November 2022 | Classroom Commentary
Teaching Chimie in Canada
By Shannon Baxter
An argument could easily be made that chemistry is in fact its own language — which means I’m helping my students become trilingual!
I teach grade 11 and 12 chemistry in an urban high school in Manitoba, Canada. What may set my story apart is that I teach en français in a French Immersion program, where my students are simultaneously learning two languages: French and chemistry/chimie. In this article, I will share how I plan and support the integration of these two subjects through my teaching. Hopefully you’ll find some tips and ideas that you can take away and incorporate into your own classrooms.
Canada’s two official languages are English and French, and across the country, public school boards function in both languages. French Immersion is an English language program that is operated by English Language School Boards. It was created and implemented in the early 1970s with the goal to promote bilingualism and ensure that more citizens are able to competently function in both official languages.
In Manitoba, there are two approaches to French Immersion1 : a dual-track program, where core courses are offered in French and optional courses are offered in English, and a “full milieu” program, where all courses (except for English Language Arts) are taught in French. My school is a grade 7-12 milieu setting, meaning my chemistry course, demanding as it is for content, is also taught in French, which can make it additionally challenging in terms of vocabulary and language.
Going back and forth between languages
How do I support French language learning in the context of chemistry? Ultimately, I want my students to be confident and independent enough to look up words they don’t know and to grow their vocabulary. I am also aware that those who continue on to an undergraduate science program are likely going to be taking their courses in English.
I do a lot of translating back and forth while I’m teaching, both in my class OneNote (which houses my course notes), and also when giving spoken clarifications. For example, when teaching electrochemistry and redox reactions, I explain the concepts and the movement of electrons and introduce problems and practice exercises — all in French. However, as a memory aid, I share the “LEO the lion goes GER” mnemonic, which is actually derived from English (Loss of Electrons Oxidation; Gain of Electrons Reduction). All of my students speak both French and English, so the mnemonic leverages both of their languages in order to be able to engage and understand the chemistry they are learning.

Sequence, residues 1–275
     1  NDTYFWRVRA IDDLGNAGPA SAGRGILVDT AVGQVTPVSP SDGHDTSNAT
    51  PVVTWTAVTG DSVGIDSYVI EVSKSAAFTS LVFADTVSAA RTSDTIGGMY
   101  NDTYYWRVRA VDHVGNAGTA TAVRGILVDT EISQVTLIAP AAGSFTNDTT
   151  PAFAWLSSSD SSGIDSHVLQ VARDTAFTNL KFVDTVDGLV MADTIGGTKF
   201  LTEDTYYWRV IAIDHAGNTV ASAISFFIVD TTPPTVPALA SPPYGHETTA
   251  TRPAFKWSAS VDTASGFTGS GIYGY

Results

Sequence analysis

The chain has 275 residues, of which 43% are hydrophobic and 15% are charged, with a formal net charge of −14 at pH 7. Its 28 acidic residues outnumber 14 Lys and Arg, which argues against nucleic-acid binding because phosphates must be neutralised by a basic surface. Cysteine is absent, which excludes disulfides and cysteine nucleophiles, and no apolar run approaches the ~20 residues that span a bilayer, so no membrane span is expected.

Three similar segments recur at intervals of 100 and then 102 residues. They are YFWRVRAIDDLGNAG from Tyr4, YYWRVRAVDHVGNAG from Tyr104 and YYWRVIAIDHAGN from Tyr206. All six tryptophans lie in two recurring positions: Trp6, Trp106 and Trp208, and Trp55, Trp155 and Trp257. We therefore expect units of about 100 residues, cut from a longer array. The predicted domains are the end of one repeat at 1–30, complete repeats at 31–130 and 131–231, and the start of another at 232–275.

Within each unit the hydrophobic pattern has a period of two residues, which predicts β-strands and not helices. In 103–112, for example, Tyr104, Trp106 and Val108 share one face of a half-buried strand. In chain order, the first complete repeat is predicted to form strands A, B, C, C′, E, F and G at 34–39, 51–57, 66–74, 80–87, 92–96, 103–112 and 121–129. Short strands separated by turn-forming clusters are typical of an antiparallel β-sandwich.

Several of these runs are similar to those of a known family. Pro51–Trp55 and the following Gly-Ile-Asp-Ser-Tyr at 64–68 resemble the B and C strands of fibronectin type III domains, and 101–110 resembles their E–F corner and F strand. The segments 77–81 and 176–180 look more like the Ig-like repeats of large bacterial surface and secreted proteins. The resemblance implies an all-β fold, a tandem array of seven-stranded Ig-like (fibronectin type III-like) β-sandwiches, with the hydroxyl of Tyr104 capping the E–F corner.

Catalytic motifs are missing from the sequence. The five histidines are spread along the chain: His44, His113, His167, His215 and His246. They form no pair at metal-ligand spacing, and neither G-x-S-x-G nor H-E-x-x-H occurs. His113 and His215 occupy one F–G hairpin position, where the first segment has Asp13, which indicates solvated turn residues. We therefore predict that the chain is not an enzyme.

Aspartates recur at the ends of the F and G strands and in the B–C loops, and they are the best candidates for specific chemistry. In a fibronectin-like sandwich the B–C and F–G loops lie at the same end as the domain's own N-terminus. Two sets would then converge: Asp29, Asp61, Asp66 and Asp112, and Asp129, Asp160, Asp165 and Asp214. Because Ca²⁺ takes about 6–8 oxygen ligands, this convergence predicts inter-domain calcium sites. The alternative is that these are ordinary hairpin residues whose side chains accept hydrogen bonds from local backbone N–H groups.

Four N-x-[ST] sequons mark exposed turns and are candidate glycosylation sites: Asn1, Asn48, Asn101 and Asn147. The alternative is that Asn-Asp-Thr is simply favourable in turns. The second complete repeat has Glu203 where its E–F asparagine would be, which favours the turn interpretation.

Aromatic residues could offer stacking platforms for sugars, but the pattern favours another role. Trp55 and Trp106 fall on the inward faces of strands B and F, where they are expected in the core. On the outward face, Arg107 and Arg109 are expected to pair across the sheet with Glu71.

Reaching different types of learners
|Figure 1. A screenshot of one section in the author’s class OneNote, showing the organization she uses to present each unit, including links to an introduction (A), a supporting booklet (B), and individual lessons, lab protocols, and study guides (C).
Even though chemistry is an optional course, I have all different types of learners in my classes. I spend lots of time making my course accessible, and try to have multiple access points to the concepts I’m teaching. This is where I incorporate various ed tech products — namely, Microsoft Team and OneNote. I use these powerful tools both because my school board supports Microsoft products, and because they’re easily accessed by my students.
Of course, there are other apps that do similar things, and I strongly recommend choosing either what is supported by your school board (or school system) or what is most readily available to you and your students. This approach minimizes barriers to learning and avoids getting bogged down by challenges with tech support and students’ digital literacy.
All of my class notes and documents are in my class OneNote, and I use the pages to teach the daily lessons in my classroom. Teaching units are chunked to address each of the curricular outcomes and provide some structure and organization for the students. Each section of my class OneNote corresponds to a specific outcome or concept, and includes lab protocols as well as a study guide for assessments (see Figure 1). I also print and distribute guided-notes booklets so that students can take notes and follow along during class.